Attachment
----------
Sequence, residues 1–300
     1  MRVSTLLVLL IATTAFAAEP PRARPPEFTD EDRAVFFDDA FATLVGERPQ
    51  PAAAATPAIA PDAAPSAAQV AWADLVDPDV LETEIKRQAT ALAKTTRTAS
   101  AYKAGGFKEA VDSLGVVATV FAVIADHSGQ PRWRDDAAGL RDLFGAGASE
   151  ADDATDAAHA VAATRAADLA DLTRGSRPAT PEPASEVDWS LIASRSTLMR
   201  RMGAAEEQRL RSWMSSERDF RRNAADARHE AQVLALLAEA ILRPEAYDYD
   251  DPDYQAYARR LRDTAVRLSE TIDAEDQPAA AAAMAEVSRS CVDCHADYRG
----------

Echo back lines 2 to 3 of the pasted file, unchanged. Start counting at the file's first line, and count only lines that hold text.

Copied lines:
     1  MRVSTLLVLL IATTAFAAEP PRARPPEFTD EDRAVFFDDA FATLVGERPQ
    51  PAAAATPAIA PDAAPSAAQV AWADLVDPDV LETEIKRQAT ALAKTTRTAS